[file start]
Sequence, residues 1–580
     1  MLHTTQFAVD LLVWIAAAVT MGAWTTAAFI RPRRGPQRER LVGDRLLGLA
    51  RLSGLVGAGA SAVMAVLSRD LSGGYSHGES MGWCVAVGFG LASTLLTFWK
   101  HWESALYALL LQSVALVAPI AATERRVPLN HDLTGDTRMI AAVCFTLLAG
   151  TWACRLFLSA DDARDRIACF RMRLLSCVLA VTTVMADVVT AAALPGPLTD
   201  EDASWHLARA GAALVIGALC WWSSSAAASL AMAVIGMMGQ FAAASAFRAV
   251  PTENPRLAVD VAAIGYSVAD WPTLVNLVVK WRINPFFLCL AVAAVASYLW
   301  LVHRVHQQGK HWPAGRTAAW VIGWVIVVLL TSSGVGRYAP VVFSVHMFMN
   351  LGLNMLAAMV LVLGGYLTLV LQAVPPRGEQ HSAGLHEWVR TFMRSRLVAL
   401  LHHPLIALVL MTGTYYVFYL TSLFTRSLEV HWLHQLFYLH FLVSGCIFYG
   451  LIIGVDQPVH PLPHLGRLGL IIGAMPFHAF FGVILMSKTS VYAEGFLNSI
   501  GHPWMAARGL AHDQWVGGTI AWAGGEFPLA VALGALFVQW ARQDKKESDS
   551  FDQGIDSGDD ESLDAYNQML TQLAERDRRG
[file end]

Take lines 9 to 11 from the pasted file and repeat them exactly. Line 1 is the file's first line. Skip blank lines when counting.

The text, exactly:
   351  LGLNMLAAMV LVLGGYLTLV LQAVPPRGEQ HSAGLHEWVR TFMRSRLVAL
   401  LHHPLIALVL MTGTYYVFYL TSLFTRSLEV HWLHQLFYLH FLVSGCIFYG
   451  LIIGVDQPVH PLPHLGRLGL IIGAMPFHAF FGVILMSKTS VYAEGFLNSI